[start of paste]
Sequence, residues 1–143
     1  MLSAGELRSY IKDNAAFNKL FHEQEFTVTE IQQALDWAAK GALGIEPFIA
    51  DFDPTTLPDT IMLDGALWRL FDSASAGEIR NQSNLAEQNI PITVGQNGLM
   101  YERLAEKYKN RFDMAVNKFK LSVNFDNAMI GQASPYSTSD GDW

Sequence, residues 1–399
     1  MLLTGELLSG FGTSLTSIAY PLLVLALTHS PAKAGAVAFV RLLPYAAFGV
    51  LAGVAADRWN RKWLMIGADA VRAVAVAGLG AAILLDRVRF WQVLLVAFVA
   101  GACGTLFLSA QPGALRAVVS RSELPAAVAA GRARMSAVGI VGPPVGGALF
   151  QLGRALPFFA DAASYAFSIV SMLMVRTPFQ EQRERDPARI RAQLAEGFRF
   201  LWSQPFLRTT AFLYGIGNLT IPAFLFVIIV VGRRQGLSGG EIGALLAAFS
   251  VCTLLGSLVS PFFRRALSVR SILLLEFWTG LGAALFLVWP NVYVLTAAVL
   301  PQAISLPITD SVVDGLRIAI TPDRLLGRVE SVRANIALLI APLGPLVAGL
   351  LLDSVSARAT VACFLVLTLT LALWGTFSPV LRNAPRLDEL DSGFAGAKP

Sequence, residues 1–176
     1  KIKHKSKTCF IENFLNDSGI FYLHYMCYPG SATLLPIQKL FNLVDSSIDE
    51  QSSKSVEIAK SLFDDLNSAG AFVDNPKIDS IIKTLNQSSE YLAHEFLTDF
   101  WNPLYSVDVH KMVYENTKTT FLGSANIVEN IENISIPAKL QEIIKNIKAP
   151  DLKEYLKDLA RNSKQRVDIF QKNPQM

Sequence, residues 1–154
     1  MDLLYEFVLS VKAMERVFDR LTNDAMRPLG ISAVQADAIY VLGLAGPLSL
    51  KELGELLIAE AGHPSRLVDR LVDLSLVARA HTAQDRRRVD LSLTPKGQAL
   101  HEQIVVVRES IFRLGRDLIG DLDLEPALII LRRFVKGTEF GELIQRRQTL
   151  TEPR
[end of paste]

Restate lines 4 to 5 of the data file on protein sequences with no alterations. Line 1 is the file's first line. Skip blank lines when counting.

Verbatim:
   101  YERLAEKYKN RFDMAVNKFK LSVNFDNAMI GQASPYSTSD GDW

Sequence, residues 1–399